Saturday, 15 September 2012

Finnish as a Secret Code

One of my former colleagues, Simo, is fond of saying (I suspect only half jokingly) that Finnish is the second best encryption language in the world. By that he means that Finnish is virtually undecipherable to anyone who doesn’t know it, and spoken by sufficiently few people globally to make it pretty secretive.

I was reminded of Simo’s comment this week, as I came across a clip of the 2000 movie Charlie’s Angels, in which Cameron Diaz, Drew Barrymore, and Lucy Liu are heard speaking Finnish for a few seconds, in order to discuss Eric Knox (played by Sam Rockwell) in his presence.

By the puzzled look on Mr Knox’s face, it seems the message was well encrypted! All the more so, because the Angels’ accents are pretty terrible.

The lack of widespread understanding of Finnish, means that the Finns can go abroad and get away with saying virtually anything they want.

For example, I was amused on a recent trip to Iceland to see a small designer shop in Reykjavik called Suomi PRKL! Anyone with a modicum of Finnish will immediately decipher PRKL as standing for “perkele”, which is a fairly rude word expressing discontent or frustration, but also a determination to overcome a difficult problem. Loosely, the English version of the shop would be something like Finland FFS! Not your average name for a designer shop.

However, in my own experience, Finnish people can get a bit over-confident that no-one will understand them when abroad. I was once in a Middle-Eastern country, relaxing in the hotel bar with another colleague from Finland, when we both noticed that the people behind us were speaking Finnish. As it turned out, they worked for a competitor, and were openly discussing their offer to a prospective customer, whom my colleague was going to meet the following day!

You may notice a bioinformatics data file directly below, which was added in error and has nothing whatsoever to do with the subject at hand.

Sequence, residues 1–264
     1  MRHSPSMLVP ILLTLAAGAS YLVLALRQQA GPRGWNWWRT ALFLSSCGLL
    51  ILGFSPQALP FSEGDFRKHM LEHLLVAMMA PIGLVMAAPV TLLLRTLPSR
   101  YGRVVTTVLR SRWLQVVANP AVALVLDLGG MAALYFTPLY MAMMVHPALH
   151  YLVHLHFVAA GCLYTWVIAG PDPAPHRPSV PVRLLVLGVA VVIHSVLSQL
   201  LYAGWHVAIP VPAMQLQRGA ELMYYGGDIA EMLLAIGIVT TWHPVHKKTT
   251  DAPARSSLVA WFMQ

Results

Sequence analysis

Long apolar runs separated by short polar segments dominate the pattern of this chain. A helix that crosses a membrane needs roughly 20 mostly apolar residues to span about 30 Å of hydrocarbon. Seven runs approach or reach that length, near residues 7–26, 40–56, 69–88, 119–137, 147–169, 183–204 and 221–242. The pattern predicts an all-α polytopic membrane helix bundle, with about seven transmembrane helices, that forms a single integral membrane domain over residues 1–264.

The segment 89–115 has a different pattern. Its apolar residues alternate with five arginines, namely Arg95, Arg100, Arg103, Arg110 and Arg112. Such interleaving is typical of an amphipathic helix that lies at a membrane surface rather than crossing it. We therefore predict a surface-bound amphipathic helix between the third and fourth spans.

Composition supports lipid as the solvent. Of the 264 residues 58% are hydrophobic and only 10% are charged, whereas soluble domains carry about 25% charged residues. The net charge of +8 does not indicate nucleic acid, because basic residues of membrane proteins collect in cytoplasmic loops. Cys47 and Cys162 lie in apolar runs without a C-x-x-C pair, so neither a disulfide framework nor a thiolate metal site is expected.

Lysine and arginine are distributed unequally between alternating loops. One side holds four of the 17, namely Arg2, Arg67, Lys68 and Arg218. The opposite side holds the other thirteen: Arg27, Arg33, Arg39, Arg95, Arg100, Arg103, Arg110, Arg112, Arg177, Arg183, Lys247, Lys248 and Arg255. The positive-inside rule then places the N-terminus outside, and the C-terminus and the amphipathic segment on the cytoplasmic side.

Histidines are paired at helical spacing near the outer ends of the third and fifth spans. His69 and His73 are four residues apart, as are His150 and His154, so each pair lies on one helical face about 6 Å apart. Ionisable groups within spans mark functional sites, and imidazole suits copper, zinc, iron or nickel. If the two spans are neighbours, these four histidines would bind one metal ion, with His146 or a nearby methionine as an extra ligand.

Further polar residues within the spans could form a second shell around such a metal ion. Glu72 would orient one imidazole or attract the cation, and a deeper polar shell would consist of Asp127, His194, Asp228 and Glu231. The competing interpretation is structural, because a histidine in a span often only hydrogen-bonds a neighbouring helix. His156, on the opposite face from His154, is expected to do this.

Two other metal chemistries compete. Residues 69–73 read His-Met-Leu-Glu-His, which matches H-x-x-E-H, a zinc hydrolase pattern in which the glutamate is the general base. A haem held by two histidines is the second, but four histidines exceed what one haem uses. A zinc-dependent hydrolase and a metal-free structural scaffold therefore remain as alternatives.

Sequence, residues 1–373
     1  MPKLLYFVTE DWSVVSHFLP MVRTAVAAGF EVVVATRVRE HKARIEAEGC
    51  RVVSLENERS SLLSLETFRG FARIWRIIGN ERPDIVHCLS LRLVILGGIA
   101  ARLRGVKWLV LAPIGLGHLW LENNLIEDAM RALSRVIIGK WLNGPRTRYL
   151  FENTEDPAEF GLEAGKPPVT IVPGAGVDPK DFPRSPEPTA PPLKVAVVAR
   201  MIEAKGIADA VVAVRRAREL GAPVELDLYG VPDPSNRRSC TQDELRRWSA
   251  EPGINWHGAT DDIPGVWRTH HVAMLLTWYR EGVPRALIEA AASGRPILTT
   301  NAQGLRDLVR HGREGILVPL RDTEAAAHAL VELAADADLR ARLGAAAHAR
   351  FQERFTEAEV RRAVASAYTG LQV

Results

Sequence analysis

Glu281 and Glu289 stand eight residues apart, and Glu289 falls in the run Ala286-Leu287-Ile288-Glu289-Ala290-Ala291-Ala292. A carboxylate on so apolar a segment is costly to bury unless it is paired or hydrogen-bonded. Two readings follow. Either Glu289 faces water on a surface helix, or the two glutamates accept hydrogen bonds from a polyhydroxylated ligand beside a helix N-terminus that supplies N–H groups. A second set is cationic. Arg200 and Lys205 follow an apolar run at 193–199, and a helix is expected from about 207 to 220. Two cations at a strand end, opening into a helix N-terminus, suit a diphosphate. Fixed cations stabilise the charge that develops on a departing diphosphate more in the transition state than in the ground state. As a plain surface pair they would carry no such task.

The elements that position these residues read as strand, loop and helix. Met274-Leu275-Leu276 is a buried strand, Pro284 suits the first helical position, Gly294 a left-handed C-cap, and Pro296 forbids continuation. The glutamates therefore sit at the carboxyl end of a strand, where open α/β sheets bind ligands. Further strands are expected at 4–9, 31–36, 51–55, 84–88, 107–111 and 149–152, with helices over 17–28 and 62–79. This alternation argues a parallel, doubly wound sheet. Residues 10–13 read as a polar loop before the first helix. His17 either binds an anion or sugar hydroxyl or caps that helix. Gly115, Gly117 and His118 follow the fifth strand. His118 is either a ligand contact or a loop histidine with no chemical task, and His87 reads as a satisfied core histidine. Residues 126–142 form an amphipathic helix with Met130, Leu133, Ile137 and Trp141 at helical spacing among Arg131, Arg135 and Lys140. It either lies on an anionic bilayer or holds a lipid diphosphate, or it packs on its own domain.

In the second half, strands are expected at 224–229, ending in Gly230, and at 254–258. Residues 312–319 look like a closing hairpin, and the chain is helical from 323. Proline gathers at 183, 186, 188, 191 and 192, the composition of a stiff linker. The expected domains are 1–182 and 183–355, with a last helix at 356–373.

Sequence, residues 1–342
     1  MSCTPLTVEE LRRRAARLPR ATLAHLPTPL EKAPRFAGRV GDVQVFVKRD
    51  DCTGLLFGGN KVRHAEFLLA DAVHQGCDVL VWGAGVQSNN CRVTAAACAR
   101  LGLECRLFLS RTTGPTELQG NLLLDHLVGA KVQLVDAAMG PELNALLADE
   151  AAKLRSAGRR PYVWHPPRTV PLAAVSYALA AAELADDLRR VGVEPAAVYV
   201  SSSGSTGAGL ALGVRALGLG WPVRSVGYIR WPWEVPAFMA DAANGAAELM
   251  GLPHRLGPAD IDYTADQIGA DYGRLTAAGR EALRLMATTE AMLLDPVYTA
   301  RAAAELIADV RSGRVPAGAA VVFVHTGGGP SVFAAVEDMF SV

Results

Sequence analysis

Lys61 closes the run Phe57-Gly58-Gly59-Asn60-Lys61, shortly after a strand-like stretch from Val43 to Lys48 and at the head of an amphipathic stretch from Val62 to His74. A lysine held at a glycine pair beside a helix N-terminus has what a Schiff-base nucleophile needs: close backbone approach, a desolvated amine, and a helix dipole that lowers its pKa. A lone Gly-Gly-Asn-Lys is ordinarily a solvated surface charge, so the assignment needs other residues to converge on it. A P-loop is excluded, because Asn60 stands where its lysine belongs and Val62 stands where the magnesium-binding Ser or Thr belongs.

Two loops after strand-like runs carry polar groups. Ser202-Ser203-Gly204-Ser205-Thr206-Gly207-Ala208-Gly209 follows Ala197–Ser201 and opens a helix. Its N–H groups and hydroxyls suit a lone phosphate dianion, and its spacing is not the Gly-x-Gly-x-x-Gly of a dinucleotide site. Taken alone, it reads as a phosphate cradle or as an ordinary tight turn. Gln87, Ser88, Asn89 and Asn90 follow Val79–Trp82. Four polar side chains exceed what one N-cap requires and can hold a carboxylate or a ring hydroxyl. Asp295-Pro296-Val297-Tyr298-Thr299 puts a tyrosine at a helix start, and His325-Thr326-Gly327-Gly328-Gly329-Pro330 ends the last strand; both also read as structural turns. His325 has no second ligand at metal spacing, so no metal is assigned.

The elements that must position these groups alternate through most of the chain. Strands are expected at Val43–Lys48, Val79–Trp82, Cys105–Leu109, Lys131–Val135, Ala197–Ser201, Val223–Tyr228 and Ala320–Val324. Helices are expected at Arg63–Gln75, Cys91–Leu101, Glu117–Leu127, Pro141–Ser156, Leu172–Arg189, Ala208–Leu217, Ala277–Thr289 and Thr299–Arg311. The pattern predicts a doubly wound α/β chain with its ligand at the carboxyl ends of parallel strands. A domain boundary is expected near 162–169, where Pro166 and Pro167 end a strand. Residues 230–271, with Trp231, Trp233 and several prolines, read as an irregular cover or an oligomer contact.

Not surprisingly, Finns have developed their own additional layer of encryption, in the form of secret language games. The simplest I have heard of is the a-kieli (a-language), which I think even I could speak (though probably not understand): simply replace every vowel with “a”, so that “minä olen Olli” (I am Olli), becomes “mana alan Alla”.

Much more tricky though is the sananmuunnos (word transformation) game, which is similar to spoonerisms, and involves swapping the first syllable (actually the first mora) of words – so “Olli Miekka” becomes “Mielli Okka”, I believe. But there is an added layer of complexity, as the Finnish rules on vowel harmony and other such grammatical wonders need to be applied, modifying further the resulting words, and effectively adding a 3rd level of encryption. I will spare you the details, not least because I am not sure I really understand them myself. What I do understand though is that, when you apply the sananmuunnos rules to the word itself, it becomes munansaannos, which in slang means "the yield of a penis". No comment.

Returning to Simo’s initial assertion though, if Finnish is merely the second best encryption language, what is the first? Well, apparently it is Navajo, which was actually used by the US Marines in World War II to transmit coded messages. Now that’s impressive, PRKL!

How good is Finnish as an encryption language in your opinion? Do you know of other movies or books in which Finnish is used to communicate secretly? Have you ever been caught out trying to discuss something without being understood by others?